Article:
Daniel went to Arioch (Dan 2:24-2:24)

“Therefore,

Daniel went to Arioch.

The king

Had appointed him

To destroy

The wise men

Of Babylon.

Daniel said to him.

‘Do not destroy

The wise men

Of Babylon.

Bring me in

Before the king.

I will give

The king

The interpretation.’”

Daniel then went to Arioch, the man in charge of the execution of the Babylonian wise men. He told Arioch not to destroy these wise men. He wanted Arioch to bring him to the king, so that he could give the king an interpretation of his dream.

The response of Daniel (Dan 2:14-2:16)

“Then Daniel responded

With prudence,

As well as discretion,

To Arioch,

The king’s chief executor.

Arioch had gone out

To execute

The wise men

Of Babylon.

Daniel asked Arioch,

The royal official.

‘Why is the decree

Of the king

So severe?’

Then Arioch explained

The matter

To Daniel.

Thus,

Daniel went in

To see the king.

He requested

That the king

Give him time.

He would tell the king

The interpretation.”

Daniel was less confrontational, since he was prudent and discrete. He met the king’s chief executor, Arioch, the royal official in charge of the execution of these wise men. Daniel wanted to know what was going on. Why was the king so severe to these wise men of Babylon? After Arioch explained the situation to Daniel, Daniel decided to go to see the king himself. He told the king that he needed more time, but that he would provide an interpretation for the king’s dream.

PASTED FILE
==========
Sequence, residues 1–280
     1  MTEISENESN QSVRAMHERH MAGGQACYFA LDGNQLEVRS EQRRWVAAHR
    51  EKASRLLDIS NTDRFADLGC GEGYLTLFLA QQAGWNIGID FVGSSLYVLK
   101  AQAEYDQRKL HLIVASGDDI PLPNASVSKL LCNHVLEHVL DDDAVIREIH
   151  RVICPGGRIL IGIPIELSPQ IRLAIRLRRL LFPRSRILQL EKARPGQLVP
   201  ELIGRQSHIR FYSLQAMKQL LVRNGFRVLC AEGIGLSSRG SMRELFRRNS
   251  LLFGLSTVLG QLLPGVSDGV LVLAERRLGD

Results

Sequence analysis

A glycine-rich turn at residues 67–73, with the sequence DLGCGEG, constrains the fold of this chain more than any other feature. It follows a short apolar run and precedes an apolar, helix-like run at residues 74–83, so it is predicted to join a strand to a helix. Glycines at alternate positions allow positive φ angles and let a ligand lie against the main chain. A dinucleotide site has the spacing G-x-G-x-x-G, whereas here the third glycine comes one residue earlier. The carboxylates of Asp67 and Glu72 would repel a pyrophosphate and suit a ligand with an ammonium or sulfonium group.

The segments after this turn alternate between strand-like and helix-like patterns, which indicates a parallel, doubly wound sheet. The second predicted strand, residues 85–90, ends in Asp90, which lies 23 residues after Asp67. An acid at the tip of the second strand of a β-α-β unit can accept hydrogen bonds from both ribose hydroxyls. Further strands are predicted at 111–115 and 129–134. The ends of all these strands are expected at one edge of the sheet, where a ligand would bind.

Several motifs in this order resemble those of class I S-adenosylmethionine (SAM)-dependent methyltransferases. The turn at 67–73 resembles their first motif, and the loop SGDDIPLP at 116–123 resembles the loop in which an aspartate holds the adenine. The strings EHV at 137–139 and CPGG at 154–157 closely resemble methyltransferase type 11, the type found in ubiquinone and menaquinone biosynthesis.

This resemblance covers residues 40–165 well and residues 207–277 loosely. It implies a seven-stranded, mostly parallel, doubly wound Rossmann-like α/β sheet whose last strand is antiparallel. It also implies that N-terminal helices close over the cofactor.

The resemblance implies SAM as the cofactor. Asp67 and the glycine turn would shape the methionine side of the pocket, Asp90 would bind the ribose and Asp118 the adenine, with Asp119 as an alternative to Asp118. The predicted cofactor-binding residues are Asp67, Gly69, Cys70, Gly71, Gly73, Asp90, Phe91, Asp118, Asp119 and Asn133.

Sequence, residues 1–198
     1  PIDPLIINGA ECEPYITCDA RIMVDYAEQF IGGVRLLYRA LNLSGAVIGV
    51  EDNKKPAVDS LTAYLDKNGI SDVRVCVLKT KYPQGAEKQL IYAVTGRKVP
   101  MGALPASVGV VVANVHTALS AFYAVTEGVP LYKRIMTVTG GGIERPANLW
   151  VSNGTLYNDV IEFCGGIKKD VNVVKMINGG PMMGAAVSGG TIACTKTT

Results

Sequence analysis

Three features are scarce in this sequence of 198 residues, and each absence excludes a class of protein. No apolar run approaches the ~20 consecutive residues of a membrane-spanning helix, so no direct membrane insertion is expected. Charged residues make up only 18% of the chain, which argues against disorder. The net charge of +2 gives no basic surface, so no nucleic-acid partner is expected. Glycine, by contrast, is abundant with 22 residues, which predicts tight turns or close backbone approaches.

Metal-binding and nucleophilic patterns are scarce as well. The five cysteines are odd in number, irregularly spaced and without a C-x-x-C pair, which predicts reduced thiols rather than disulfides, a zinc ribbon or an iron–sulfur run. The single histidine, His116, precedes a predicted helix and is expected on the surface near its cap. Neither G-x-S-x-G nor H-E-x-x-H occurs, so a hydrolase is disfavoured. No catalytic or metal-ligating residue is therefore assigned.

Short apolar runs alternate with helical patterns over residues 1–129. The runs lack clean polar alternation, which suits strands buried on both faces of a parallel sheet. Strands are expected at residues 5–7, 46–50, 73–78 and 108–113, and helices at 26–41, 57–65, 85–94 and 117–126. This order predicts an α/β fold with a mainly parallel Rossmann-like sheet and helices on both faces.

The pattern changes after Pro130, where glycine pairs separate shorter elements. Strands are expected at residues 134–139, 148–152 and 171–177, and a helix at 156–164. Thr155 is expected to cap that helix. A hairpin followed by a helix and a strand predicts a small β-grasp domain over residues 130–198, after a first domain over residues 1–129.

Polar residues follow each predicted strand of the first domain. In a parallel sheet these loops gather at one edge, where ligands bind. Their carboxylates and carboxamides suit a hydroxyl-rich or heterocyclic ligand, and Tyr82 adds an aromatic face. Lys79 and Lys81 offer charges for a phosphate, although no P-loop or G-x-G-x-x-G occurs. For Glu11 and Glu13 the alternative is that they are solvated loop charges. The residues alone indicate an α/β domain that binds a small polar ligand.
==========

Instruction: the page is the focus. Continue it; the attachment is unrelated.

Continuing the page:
Queen Esther asks for the revocation of the Haman decree (Esth 8:3-8:6)

“Then Queen Esther spoke again to the king. She fell at his feet, weeping. She pleaded with him to avert the evil design of Haman the Agagite and the plot which he had devised against the Jews. The king held out the golden scepter to Esther. Esther rose and stood before the king. She said.

‘If it pleases the king,

If I have won his favor,

If the thing seem right before the king,

If I have his approval,

Let an order be written to revoke the letters

Devised by Haman the Agagite, the son of Hammedatha,

Which he wrote giving orders to destroy the Jews

Who are in all the provinces of the king.

How can I bear to see the calamity that is coming on my people?

How can I bear to see the destruction of my kindred?’”

Queen Esther again pleaded with the king. She wanted him to rescind the order that Haman had sent out about the execution of all the Jews in the provinces of Persia. Once again, she recognized the authority of the king as he placed his golden scepter on her. She wanted orders sent out to revoke the letter of Haman. She wondered how she could bear to see all this bloodshed on her people and relatives. You have to remember that the king had agreed with the letter of Haman.